Analysis 80 (4):737-751 (2020)

Authors
Jonathan Weinberg
University of Arizona
Joshua Alexander
Siena College
Abstract
Edouard Machery argues that many traditional philosophical questions are beyond our capacity to answer. Answering them seems to require using the method of cases, a method that involves testing answers to philosophical questions against what we think about real or imagined cases. The problem, according to Machery, is that this method has proved unreliable ; what we think about these kinds of cases is both problematically heterogeneous and volatile. His bold solution: abandon the method of cases altogether and with it many of the questions that we have come to associate with philosophy itself. Many of the critical responses to Machery’s book have focused on whether empirical work on judgements about philosophical cases supports his claim that the method of cases is unreliable. Our problem with these responses is that they accept that reliability is the right way to frame empirically informed concerns about the method of cases, and we think that it is not. The reason is simple: the kind of unreliability thesis that Machery needs proves to be empirically intractable, at least by anything like the current methods used by experimental philosophers, or so we shall argue here. While we have empirical grounds for thinking that unreliability arguments don’t give us reason to abandon the method of cases, we do think that there are empirical grounds for thinking that it needs to be reformed. There are other standards that we expect our methods to meet beyond mere reliability, especially standards of practical rationality, which are too often forgotten in metaphilosophical discussions that tend to focus exclusively on epistemological considerations. Methodological considerations, after all, are not just matters of epistemic normativity, but practical rationality as well. What’s more, considerations of practical rationality become particularly important when we move from the kind of extreme scepticism that Machery endorses to the kind of progressive reformation that we think should be pursued. And so we conclude by arguing that thinking about philosophical inquiry in terms of standards of practical rationality allows us both to better understand what kinds of problems recent empirical work on philosophical cognition raises for the method of cases and also how that work can point the way to reforming it.
Keywords No keywords specified (fix it)
Categories (categorize this paper)
DOI 10.1093/analys/anaa053
Options
Edit this record
Mark as duplicate
Export citation
Find it on Scholar
Request removal from index
Revision history

Download options

PhilArchive copy


Upload a copy of this paper     Check publisher's policy     Papers currently archived: 69,078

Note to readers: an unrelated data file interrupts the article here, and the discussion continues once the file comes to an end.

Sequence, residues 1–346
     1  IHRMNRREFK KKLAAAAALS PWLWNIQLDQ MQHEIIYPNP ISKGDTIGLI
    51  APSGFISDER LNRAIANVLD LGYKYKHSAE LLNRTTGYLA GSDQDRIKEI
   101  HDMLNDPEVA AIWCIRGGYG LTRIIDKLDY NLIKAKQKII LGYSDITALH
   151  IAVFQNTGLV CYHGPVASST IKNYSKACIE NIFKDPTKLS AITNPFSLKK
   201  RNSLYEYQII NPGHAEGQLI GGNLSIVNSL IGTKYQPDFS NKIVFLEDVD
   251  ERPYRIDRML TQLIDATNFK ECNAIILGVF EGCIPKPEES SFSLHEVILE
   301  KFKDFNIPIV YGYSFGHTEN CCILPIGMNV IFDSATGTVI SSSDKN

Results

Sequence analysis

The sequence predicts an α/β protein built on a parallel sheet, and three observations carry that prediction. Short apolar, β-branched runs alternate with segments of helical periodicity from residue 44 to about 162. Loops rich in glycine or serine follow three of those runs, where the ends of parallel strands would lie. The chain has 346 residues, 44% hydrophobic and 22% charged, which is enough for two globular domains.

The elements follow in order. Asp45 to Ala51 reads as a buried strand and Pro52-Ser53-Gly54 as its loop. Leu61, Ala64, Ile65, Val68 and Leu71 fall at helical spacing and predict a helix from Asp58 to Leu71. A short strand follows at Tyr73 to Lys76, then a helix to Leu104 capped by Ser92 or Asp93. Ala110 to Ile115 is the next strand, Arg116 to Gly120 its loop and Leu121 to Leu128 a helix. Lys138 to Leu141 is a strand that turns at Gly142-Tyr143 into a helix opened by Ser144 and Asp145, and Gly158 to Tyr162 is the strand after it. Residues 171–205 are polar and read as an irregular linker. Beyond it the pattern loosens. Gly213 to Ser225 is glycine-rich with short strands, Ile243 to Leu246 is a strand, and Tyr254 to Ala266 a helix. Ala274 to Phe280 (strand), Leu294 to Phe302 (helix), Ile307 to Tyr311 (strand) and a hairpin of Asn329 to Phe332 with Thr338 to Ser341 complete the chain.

External links

Setup an account with your affiliations in order to access resources via your University's proxy server
Configure custom proxy (use this if your affiliation does not provide a proxy)
Through your library

References found in this work BETA

Philosophy Within its Proper Bounds.Edouard Machery - 2017 - Oxford University Press.
Experimental Philosophy and Philosophical Intuition.Ernest Sosa - 2007 - Philosophical Studies 132 (1):99-107.

View all 9 references / Add more references

Citations of this work BETA

Responses to Herman Cappelen and Jennifer Nado.Edouard Machery - 2022 - Philosophical Studies 179 (1):329-342.

Add more citations

Similar books and articles

Count(Ifq) Does Not Imply Count.Søren Riis - 1997 - Annals of Pure and Applied Logic 90 (1-3):1-56.
Reliability as a Virtue.Robert Audi - 2009 - Philosophical Studies 142 (1):43 - 54.
Is There a Reliability Challenge for Logic?Joshua Schechter - 2018 - Philosophical Issues 28 (1):325-347.
Against Transglobal Reliabilism.Peter J. Graham - 2014 - Philosophical Studies 169 (3):525-535.
Reliability and Justified Belief.John L. Pollock - 1984 - Canadian Journal of Philosophy 14 (1):103 - 114.
Count(Q) Versus the Pigeon-Hole Principle.Søren Riis - 1997 - Archive for Mathematical Logic 36 (3):157-188.
We Do Not Count by Identity.David Liebesman - 2015 - Australasian Journal of Philosophy 93 (1):21-42.
Reliability of Information on the Internet: Some Distinctions.Anton Vedder & Robert Wachbroit - 2003 - Ethics and Information Technology 5 (4):211-215.
How Abstract Objects Strike Us.Michael Liston - 1994 - Dialectica 48 (1):3-27.

Analytics

Added to PP index
2021-01-28

Total views
43 ( #261,150 of 2,498,921 )

Recent downloads (6 months)
4 ( #170,045 of 2,498,921 )

How can I increase my downloads?

Downloads

My notes